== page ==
Revisions to the fourth-quarter gross domestic product (GDP) were as disappointing as the original report. New data nudged growth into positive territory, with the Commerce Department now reporting that the nation’s economy expanded by 0.1 percent last quarter.
Government spending continues to be a drag on the economy; simply because that is the way the GDP is calculated.
In 2009, the government rushed through an $830 billion stimulus bill that, according to some, saved the world from a second Great Depression. Rather than debating the need for so much government spending, the formula for GDP shows that economic decline is expected after so much spending.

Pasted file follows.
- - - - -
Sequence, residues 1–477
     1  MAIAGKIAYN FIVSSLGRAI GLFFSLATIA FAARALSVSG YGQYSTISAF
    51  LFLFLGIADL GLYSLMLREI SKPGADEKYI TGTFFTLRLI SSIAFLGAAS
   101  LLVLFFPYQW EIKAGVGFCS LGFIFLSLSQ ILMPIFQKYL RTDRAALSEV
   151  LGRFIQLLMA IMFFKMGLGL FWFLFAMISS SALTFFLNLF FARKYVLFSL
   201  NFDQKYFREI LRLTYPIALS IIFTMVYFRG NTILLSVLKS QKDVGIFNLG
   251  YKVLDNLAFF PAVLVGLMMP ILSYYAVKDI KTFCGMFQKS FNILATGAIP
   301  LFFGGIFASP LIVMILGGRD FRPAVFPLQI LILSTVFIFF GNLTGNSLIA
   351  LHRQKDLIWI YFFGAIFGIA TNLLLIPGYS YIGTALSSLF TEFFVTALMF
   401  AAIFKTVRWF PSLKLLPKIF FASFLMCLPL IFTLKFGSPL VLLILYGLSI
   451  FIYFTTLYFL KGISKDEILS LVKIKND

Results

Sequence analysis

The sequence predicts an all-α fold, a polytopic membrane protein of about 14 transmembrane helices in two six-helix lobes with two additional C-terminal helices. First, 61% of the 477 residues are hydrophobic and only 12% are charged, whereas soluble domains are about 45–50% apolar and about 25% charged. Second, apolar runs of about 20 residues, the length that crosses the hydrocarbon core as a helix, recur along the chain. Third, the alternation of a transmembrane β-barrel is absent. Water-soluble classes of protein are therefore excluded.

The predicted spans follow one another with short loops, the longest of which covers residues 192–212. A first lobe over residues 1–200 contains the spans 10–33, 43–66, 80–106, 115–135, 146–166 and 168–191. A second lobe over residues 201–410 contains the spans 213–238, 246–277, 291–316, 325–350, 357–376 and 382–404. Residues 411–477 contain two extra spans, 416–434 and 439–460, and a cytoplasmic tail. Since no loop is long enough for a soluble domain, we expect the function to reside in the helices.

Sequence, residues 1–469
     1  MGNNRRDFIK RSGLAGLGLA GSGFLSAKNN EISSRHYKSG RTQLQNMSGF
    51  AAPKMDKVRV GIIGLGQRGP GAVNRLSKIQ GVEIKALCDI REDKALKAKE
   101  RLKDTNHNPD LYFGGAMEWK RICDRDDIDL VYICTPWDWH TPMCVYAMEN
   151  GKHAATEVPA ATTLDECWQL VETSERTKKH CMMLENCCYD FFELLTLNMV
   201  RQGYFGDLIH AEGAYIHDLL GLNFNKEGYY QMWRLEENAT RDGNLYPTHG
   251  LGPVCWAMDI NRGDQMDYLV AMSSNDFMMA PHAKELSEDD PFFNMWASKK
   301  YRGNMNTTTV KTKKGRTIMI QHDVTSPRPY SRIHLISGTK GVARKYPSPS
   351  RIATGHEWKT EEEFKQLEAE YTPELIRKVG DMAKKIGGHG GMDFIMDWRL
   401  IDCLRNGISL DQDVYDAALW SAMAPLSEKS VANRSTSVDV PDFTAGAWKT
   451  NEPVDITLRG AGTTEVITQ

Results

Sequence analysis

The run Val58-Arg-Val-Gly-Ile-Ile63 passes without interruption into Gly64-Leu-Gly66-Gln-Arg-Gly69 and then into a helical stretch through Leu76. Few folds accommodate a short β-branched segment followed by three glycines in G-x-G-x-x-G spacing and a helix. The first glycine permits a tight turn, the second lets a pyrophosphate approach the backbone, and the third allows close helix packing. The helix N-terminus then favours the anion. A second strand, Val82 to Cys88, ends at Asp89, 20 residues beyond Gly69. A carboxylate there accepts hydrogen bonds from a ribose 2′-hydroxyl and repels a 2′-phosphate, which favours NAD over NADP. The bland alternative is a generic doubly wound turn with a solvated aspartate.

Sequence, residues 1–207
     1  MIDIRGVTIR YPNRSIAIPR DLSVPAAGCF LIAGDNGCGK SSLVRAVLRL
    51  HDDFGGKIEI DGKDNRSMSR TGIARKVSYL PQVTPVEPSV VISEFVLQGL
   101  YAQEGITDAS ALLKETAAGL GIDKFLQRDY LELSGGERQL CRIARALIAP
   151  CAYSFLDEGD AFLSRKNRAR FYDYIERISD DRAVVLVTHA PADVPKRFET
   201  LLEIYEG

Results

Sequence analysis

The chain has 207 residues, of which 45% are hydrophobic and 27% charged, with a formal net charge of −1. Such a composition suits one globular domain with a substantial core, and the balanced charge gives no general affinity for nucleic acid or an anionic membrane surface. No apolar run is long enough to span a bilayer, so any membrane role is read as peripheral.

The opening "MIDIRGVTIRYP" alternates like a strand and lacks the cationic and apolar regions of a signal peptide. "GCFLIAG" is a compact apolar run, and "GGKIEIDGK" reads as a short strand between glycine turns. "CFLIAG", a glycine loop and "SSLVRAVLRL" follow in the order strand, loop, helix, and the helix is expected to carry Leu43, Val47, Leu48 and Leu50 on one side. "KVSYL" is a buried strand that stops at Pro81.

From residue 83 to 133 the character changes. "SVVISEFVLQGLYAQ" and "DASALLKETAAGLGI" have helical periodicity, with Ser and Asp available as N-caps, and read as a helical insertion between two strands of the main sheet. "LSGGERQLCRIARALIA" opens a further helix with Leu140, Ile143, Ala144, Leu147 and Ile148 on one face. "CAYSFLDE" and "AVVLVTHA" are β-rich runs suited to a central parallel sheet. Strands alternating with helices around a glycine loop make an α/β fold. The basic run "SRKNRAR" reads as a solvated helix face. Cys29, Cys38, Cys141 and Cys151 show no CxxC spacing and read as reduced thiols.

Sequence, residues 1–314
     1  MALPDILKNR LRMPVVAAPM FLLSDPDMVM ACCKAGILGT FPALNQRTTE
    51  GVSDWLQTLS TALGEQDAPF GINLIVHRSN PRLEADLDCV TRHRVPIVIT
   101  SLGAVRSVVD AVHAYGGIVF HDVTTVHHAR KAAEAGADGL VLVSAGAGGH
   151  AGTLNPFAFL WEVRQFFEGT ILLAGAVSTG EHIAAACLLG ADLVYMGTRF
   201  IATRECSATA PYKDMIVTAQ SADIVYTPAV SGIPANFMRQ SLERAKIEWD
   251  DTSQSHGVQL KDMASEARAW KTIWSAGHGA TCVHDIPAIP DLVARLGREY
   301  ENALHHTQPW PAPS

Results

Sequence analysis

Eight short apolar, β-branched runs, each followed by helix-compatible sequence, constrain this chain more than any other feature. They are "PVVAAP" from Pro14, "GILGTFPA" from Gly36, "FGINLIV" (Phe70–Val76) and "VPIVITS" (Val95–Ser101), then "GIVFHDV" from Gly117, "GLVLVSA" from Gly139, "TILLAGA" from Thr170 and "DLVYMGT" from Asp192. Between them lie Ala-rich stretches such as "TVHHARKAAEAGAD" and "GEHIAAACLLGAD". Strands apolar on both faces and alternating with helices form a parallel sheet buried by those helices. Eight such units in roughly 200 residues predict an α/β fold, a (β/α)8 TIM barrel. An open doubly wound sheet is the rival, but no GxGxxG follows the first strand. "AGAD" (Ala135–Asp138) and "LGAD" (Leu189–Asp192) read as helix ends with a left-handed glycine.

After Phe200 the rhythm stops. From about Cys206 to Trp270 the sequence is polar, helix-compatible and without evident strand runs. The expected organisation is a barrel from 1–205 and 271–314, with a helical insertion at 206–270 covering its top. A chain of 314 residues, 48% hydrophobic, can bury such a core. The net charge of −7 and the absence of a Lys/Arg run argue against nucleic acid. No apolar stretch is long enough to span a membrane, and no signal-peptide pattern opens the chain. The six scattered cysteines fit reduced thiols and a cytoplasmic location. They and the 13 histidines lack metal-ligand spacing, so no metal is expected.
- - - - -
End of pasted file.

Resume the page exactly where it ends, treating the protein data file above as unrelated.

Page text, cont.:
GDP is the total of all private and government spending. A decrease in government spending will decrease GDP because that is the way the formula is designed.
Keynes believe government spending should be increased to smooth the rough spots, as it was in 2009. But that money must be spent effectively in order to actually stimulate growth. When executed correctly, government spending binges should be followed by decreases in spending that are offset by private-sector spending.
The fact that government spending cuts are having a negative impact on GDP should be expected. The fact that private-sector spending has failed to increase is the real problem and is an indication that the stimulus failed to do what advocates promised it would do.
The only solution now is to continue reducing the role of government spending and regulation to unleash private-sector creativity and spending.
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